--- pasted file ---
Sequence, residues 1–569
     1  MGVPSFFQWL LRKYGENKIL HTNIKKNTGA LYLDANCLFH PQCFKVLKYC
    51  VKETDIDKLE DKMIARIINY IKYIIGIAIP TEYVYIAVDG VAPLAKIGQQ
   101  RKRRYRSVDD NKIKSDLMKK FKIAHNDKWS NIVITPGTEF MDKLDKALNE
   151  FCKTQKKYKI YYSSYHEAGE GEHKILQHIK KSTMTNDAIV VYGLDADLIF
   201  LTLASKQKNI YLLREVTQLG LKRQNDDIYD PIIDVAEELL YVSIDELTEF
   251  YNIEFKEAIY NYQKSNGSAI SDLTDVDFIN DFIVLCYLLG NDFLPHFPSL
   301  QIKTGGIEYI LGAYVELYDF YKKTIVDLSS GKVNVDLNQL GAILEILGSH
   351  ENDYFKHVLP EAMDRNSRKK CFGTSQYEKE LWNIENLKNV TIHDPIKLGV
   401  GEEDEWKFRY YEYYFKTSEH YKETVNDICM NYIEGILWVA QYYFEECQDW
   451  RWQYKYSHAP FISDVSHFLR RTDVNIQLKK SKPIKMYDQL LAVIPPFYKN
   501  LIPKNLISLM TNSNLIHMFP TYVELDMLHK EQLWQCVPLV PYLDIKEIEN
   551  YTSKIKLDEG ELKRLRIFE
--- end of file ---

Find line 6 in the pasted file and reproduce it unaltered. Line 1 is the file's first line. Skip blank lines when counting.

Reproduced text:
   201  LTLASKQKNI YLLREVTQLG LKRQNDDIYD PIIDVAEELL YVSIDELTEF